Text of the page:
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Discovering our Roots ~ Genealogy Travel

From old aunt Ethel’s storytelling to DNA driven location accuracy

There are many reasons why we travel – to explore a new destination, to experience a different culture, or even just to escape the chill of winter and head to the warmth. But there’s another genre of travel blossoming and filling our inner need in searching out our ancestral roots.

exploring passenger lists - 1880As DNA tracing with Ancestry research or 23andMe capture our genealogical interest, we learn more and more monthly of where our descendants came from. I’m sure everyone has someone in their family who knows all the old stories and can talk about Aunt Ethel and who her kids married and who's second cousin is related this way and that. That’s the old culture of storytelling at its finest.

With the new information gleaned from DNA samples, we begin tracing our roots back a few hundred years to lands torn by war that sparked emigration – and new connections to people sharing similarity in DNA roots across the globe. What wonderful new opportunities this introduces.

Feeling connection in the steps of our ancestors

My first glimpse into the power of this connection came from a soon-to-be family member whose roots traced back to the Kintail Kintail region, Scotland - home of Eilean Donan Castleregion of the Scottish Highlands – the land of Eilean Donan and the MacKenzie & McRae clans. We were exploring Scotland 2 years ago passing through this very area on route to the Isle of Skye. We stopped, took pictures, soaking in the vibe of the area and shared them with his family. Their not having had the opportunity to visit the area for well over a decade, it was a happy gem for them to be transported back to their ancestral roots and be able to see the landscape, the villages, and a connection to lands of many generations prior.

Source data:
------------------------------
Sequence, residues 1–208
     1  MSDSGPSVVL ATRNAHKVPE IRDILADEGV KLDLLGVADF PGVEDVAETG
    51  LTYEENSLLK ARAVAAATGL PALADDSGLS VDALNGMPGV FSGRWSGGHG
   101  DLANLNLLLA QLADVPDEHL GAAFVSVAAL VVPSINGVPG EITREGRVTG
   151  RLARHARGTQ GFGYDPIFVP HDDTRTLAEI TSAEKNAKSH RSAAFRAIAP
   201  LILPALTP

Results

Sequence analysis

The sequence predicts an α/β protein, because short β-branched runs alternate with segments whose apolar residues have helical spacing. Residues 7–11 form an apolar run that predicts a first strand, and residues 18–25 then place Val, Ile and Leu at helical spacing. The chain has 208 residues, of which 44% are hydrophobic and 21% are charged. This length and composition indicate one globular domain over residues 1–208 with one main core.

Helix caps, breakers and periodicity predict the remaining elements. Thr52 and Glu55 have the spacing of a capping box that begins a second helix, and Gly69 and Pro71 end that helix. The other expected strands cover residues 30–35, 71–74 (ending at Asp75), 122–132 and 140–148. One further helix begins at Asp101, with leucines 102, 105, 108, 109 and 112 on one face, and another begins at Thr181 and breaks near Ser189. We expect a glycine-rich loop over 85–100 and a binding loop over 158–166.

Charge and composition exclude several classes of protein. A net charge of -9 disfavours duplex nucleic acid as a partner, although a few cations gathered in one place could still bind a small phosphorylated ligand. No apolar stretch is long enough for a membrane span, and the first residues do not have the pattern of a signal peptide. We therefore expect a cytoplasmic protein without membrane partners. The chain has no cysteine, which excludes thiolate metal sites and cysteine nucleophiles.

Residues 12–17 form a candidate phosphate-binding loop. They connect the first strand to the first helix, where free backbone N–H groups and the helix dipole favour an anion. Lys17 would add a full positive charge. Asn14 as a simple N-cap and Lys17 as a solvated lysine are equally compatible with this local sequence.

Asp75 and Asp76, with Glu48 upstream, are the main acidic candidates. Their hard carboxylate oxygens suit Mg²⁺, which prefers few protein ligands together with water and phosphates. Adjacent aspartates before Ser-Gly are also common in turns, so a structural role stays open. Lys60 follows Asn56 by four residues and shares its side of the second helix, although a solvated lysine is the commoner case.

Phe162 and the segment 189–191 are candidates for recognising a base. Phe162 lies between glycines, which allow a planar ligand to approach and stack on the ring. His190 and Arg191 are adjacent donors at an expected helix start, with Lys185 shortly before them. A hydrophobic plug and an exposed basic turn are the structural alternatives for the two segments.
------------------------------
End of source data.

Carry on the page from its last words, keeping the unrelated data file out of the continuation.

John Labatt Scatcherd's stoneIn a similar way, on a recent trip through World War 1 battlefields of France and Belgium with our traveling partner and war historian, Grace provided stories and commentary on the war experience from the soldier’s diaries she studied for her graduate thesis. One such soldier she traced – John Labatt Scatcherd – had documented his war experience in his diaries, providing a tangible connection to WW1 battles and military routes. As we visited some of the historic battlegrounds and memorials, the last stage of our adventure was finding his grave marker at Vis-en-Artois British Cemetery in northern France. The poignancy of finding John Labatt Scatcherd’s resting place generated some heartfelt tears in Grace as his life story came to a moment of reality.

Personally, I’m in the process of exploring one line of my extended family tree branches where I’ve run into a dead end. I know my great-great Mecklenberg, northern Germany (was Prussia)grandmother was born in 1854 in Peetz, Mecklenberg, Prussia - now in the north-eastern portion of Germany. I know she, her husband and 5-year-old son (my great -grandfather) traveled to the port of Hamburg, Germany to board the steamship Hansa as they began their emigration journey to Canada. They traveled through Liverpool, England through Londonderry, Ireland and on to Quebec City, Canada before they finally ended up in the Ottawa Valley, Ontario, Canada. I have an interest to travel to this northern Germany community and see the landscape that made up this early Prussian territory and maybe find a new clue to take me back another generation or two in the branches of my family tree – an oak tree by the way, tall, strong and full of vibrant branches and leaves.

Where in the branches of your family tree would you like to visit?

We don’t only travel for the sake of following a family journey but on those adventures where these same paths merge, knowing my roots trace some of the same places I visit gives me a connection and intimacy to the hills, valleys and sights along the trail.

Have any of your travels crossed paths with your ancestral footsteps or have your travels been planned to visit some place along the branches of your family tree? How can you characterize that experience? We’d love to know. Drop a comment below and connect with us on Facebook and Twitter.

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